January 3, 2012
Right at the tail end of 2011, the TOP500 list of the world’s most powerful supercomputers got an update. And while the top spot expectedly went to Fujitsu’s K Computer, the Amazon EC2 cloud platform had an impressive showing, placing as the 42nd most powerful supercomputer in the world. That’s a huge potential boon for Amazon resellers and developers that use the IaaS platform as the foundation of their cloud efforts.
Now, Amazon EC2’s high placement on the Top500 comes with its share of caveats: As Wired pointed out, computing performance under the list’s benchmark test might vary wildly from your actual virtual machine (VM) speed, and what’s more, it’s not designed with the kind of machine interfaces advanced supercomputer applications need to take full advantage of the impressive hardware specs. In other words, it’s good, but the cloud isn’t going to remove the need for more “traditional” supercomputers anytime soon.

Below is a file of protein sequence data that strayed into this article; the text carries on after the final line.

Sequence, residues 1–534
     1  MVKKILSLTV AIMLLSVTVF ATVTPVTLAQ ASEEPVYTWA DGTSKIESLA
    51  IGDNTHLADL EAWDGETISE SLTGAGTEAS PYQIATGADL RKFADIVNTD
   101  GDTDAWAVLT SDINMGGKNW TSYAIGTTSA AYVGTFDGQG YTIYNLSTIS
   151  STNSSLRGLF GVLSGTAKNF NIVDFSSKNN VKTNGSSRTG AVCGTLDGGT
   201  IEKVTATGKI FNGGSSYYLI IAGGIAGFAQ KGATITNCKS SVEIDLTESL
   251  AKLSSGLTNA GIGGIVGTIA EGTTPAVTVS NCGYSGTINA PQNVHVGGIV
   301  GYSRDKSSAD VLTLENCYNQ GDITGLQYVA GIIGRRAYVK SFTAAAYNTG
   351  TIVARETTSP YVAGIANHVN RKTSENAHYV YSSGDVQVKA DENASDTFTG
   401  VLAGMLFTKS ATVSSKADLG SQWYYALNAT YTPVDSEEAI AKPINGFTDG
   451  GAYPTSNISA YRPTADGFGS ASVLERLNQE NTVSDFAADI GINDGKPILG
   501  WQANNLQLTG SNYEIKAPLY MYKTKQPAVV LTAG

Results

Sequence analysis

That said, the cost savings are too great to be ignored. Mashable mentioned a case in which an unnamed pharmaceutical giant rented Amazon EC2 as a supercomputer at a peak rate of $1,279 per hour for seven hours. That’s still worlds cheaper than a legacy supercomputer. The lesson to be learned: There’s still plenty of potential application for a cloud-based supercomputer that’s somewhat limited in functionality.
Amazon’s put a lot of time, money and effort into improving the EC2 platform over the least year or two. TalkinCloud is going to keep close watch, so stay tuned.
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